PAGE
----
City of York Council structural engineers were liaising with fire investigation officers today but said it was too early to say how the fire started.
Distressed headmaster Andrew alverley was one of the first on the scene, helping firefighters with vital information about the 226-pupil school, a listed building in The Groves.
The school employs 15 staff plus a further 25 at the City of York Council's staff development centre housed there.
Council chief executive David Clark was at the scene within minutes and by 2am today council education chief Mike Peters had opened up the Education Department in George Hudson Street where staff began contacting families of pupils attending the school.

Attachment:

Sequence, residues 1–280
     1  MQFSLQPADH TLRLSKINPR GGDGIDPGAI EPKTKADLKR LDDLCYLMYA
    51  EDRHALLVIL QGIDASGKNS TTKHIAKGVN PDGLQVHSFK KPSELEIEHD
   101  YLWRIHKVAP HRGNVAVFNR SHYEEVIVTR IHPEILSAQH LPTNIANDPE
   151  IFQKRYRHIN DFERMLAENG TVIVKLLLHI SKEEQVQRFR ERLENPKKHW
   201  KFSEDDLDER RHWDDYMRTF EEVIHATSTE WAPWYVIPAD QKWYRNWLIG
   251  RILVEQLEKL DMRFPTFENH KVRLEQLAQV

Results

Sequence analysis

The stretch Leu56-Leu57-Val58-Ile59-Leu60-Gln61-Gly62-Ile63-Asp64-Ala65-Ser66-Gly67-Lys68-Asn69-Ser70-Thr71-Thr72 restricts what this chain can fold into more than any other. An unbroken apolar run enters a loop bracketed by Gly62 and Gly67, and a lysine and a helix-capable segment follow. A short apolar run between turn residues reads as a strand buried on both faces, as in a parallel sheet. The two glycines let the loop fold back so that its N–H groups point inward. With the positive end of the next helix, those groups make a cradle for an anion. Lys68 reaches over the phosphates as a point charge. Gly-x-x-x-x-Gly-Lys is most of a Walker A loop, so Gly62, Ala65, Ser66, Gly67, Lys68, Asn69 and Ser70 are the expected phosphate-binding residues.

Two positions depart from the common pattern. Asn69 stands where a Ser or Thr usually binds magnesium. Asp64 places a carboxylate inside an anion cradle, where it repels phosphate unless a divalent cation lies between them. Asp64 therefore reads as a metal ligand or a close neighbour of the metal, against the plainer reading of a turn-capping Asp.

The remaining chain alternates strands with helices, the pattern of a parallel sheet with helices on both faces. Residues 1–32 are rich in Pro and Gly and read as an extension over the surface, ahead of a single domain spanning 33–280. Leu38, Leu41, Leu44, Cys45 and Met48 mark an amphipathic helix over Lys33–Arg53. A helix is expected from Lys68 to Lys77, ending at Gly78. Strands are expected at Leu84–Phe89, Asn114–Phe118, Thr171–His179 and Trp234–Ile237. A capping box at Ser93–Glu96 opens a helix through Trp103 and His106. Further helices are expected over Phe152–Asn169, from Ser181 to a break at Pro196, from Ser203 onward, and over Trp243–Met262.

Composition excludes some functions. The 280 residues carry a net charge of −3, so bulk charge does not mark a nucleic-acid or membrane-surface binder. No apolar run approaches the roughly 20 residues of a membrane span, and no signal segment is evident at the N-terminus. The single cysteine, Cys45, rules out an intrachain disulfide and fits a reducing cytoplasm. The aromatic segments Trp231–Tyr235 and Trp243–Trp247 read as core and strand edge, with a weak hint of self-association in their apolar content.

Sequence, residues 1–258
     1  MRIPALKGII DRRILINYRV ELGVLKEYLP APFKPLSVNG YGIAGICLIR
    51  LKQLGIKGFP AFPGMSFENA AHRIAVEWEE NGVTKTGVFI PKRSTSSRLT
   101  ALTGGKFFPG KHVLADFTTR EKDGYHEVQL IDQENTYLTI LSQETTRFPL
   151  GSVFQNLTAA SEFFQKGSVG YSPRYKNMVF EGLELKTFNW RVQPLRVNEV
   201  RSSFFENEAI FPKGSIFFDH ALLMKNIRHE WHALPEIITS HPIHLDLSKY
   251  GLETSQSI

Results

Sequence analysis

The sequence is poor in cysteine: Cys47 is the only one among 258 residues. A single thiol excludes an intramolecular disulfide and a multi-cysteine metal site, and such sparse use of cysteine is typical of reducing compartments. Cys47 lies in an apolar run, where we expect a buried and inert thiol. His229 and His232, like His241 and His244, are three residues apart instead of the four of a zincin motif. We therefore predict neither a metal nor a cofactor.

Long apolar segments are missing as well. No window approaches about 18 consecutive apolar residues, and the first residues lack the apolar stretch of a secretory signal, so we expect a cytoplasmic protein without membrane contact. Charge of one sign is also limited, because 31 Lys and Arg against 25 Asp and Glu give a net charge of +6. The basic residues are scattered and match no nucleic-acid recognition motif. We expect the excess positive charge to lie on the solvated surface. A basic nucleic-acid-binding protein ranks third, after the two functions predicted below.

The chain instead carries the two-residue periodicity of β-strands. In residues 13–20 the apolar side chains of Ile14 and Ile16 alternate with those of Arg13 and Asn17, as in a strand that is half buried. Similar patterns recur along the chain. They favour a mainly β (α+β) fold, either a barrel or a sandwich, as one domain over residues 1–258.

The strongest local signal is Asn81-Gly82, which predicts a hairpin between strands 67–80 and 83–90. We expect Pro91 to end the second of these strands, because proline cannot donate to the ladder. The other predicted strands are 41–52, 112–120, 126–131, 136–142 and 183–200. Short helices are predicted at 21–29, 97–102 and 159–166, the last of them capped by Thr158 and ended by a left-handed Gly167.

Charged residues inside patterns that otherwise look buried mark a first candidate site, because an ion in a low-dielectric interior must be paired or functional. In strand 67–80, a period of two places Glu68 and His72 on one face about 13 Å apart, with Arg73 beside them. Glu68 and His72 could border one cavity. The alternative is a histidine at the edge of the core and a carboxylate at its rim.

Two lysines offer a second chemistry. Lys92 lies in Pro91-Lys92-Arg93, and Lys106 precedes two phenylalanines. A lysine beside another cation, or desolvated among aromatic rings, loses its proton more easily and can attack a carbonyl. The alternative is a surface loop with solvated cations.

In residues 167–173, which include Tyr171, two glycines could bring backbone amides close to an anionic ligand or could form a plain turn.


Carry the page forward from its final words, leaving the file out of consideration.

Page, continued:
A meeting was held at the Grange Hotel, Bootham, to advise school staff on arrangements. The meeting was very emotional and all staff were said to be too upset to talk about the fire.
As flames lit up the skyline during the blaze, scores of residents watched helplessly amid thick clouds of smoke and sparks.
Steve Parrott, of Penleys Grove Street, made a 999 call but was reassured that firefighters were already on their way.
He said: "I thought it was my street which had gone up in flames. I came around the corner and it was incredible, the whole sky was glowing."
Park Grove resident and former school pupil Gary Archer said: "I was worried for my children, there was smoke getting into the house everywhere.
"I got a big shock when I looked out of the window and saw these huge flames shooting out of the roof.
"But it's the children I feel sorry for, they'll be devastated."